- It is the PNA's view that the Staff Nurse Scale must start at a point higher than that of the HCA, e.g. €35,319 the first point of the Therapy Grade Scale.
- Having regard to the comparable minimum qualifications (Honours Degree) and the role and responsibilities the Therapy Grades salary scale should be applied in its entirety to Nursing.
- The development of the Staff Nurse scale in this way would enhance recruitment and retention.
The mental health service is in dire need of psychiatric nurses who will join and stay in the public system after qualifying. One of the most significant consequences of the recession - the decisions of Government to cut public sector pay, the graduate scheme and the enforcement of a recruitment embargo - was the creation of a culture of nurse graduate emigration. For those who were unable to emigrate or choose to remain at home, the private sector continues to offer exciting and financially rewarding opportunities. There can be only one outcome for our mental health services - the current crisis in nursing will get significantly worse in the next few years.
Should the Public Service Pay Commission fail to recommend remedial pay measures then the chance for this country to resolve this crisis will be lost for a generation with horrendous implications for the delivery and development of mental health services and patient care. The PNA cannot and will not accept anything less than a significant meaningful recommendation by the Public Service Pay Commission to address nurses pay.
The last year has been a particularly challenging year for the union, with three weeks of intensive pay negotiations, submissions to the Public Service Pay Commission, Joint Oireachtas Committees on Child and Adolescent services and the Future of Mental Health Care. Throughout this year we have had disputes in St Patricks hospital and the present disputes in Kilkenny and Waterford. We also had a dispute in St. Loman's -Tallaght service which successfully resisted the proposed closure of the high observation unit there.
We are currently in dispute in the Laois/Offaly MHS in relation to staffing levels, non- payment of temporary higher post appointments and the ongoing delays in the filling of permanent vacancies. All of this work requires the commitment of the local branch officials and members and I would like to thank and commend all the branches for their hard work throughout the year.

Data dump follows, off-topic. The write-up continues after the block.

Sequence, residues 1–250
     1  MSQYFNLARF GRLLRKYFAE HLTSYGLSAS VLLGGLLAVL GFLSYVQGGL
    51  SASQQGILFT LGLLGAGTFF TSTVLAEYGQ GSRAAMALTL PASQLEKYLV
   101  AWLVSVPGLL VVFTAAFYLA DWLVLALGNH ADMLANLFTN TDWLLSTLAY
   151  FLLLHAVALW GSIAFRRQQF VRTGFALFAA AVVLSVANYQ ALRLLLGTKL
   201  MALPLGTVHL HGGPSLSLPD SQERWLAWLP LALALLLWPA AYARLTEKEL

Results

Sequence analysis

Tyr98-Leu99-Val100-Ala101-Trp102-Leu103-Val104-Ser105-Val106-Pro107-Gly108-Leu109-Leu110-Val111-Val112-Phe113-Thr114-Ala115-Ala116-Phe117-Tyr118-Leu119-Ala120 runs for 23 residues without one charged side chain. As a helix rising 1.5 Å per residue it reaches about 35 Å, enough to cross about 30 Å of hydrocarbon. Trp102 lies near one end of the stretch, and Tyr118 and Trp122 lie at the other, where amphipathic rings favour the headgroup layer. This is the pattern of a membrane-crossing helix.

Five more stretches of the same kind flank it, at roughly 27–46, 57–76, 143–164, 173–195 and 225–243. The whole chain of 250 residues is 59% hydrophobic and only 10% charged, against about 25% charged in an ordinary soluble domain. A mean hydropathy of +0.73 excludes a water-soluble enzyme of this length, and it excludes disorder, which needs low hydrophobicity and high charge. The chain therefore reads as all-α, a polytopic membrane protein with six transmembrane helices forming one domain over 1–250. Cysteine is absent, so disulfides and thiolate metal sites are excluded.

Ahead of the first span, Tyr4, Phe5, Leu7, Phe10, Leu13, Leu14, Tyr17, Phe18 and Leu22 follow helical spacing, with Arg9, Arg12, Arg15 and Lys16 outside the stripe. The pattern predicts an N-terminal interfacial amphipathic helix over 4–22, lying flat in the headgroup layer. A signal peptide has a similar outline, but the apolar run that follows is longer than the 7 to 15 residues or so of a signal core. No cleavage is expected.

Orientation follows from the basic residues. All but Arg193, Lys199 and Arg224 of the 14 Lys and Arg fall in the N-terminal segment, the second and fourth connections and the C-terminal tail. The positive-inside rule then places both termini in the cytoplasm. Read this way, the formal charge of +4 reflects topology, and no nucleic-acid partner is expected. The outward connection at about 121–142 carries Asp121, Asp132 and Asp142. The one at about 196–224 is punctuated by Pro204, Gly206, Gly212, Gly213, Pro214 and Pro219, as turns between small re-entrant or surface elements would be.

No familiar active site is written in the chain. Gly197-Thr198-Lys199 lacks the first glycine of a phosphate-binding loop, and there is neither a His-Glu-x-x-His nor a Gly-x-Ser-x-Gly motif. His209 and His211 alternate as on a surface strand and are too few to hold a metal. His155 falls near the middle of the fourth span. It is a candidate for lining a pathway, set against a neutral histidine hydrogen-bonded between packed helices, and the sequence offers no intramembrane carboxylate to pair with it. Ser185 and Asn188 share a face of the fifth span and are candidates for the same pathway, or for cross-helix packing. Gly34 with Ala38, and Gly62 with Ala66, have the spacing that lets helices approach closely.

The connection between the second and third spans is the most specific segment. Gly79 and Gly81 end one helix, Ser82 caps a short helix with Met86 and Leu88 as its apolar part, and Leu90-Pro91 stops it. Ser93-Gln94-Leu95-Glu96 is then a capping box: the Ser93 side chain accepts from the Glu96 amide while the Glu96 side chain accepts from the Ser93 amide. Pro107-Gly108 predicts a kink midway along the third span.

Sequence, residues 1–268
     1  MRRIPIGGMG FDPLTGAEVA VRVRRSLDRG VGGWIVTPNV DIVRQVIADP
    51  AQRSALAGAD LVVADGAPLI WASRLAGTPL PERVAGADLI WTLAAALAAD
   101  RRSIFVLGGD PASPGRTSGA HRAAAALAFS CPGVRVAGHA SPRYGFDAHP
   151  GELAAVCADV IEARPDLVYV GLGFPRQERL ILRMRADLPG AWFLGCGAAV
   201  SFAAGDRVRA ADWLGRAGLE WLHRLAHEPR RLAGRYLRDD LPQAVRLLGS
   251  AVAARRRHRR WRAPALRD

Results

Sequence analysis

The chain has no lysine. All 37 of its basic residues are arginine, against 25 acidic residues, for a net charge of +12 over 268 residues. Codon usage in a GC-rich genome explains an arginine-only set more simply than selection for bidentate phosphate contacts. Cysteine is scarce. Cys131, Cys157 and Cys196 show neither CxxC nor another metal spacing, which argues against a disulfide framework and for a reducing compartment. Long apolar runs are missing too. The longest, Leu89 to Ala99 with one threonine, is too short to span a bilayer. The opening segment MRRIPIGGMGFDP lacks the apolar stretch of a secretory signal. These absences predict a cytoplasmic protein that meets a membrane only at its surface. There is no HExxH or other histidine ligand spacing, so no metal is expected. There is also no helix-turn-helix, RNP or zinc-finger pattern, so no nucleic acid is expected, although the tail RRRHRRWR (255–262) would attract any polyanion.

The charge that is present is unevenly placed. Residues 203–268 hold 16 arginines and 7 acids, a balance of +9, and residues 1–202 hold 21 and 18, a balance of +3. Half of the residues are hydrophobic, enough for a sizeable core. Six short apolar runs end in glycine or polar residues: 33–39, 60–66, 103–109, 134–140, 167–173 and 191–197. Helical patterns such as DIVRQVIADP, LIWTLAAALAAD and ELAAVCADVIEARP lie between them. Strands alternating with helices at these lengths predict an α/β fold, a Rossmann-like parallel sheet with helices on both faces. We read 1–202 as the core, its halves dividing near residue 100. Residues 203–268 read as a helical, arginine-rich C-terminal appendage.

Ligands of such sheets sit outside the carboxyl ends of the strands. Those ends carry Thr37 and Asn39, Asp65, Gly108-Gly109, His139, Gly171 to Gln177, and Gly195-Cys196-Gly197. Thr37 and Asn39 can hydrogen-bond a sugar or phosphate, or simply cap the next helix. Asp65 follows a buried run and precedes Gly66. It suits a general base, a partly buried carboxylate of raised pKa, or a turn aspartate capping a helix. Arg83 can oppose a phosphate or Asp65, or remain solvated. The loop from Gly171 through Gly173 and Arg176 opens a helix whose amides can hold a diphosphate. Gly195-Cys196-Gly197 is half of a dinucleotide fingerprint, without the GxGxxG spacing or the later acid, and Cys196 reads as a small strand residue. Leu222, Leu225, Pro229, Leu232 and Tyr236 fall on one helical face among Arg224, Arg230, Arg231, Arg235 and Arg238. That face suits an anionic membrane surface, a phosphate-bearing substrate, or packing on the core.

I also want to thank the Officer Board for all their dedication throughout the year. This year Kevin O Connor and Gerd Murphy are resigning from the Board and I want to thank them for their work and valued input over the years and look forward to their continued involvement.
I want to thank all the staff for their tremendous work and commitment to the PNA with no challenge too big and with numerous examples of finishing a meeting at 10.30 p.m. and attending a meeting at 9a.m. the next morning without a word of complaint. This dedication is immeasurable. I also want to thank all the wives, husbands and partners of all PNA activists and officials and of course I also want to thank Leish for all her patience and support.
Delegates, we face many challenges in the next year, particularly in relation to pay, staff shortages and inadequate service provision. However, I have no doubt that with the support and commitment of you the delegates, the officer board, and full time officials, we will face these challenges with the well renowned PNA persistence and resilience.
1st January 2018, annualised salaries to increase by 1%
1st October 2018, annualised salaries to increase by 1%
1st January 2019, annualised salaries up to €30,000 to increase by 1%
1st September 2019, annualised salaries to increase by 1.75%
1st January 2020 annualised salaries up to €32,000 to increase by 0.5%
1st October 2020 annualised salaries to increase by 2%
Nurses on the Fast Accrual Pension Scheme, i.e.; Pre 2004 will continue to pay PRD as a Pension Contribution at 10% from €28,750 to €60,000 and 10.5% on €60,000 plus.
For Nurses on the standard accrual pension scheme i.e.; Pre 2013
10% - €32,000 to €60,000 and 10.5% on €60,0,00 plus.
January 2020 exemption will increase to €34,500
For Nurses on the Single Pension Scheme i.e.;2013 onwards
6.66% - €32,000 to €60,000 and 7% on €60,000 plus.
January 2020 exemption will increase to €34,500 and the rate will reduce to 3.33% - €34,500 to €60,000 and 3.5% on €60,000 plus.
To summarise there is no PRD benefit for those on the Fast Accrual Scheme ,i.e.; Pre 2004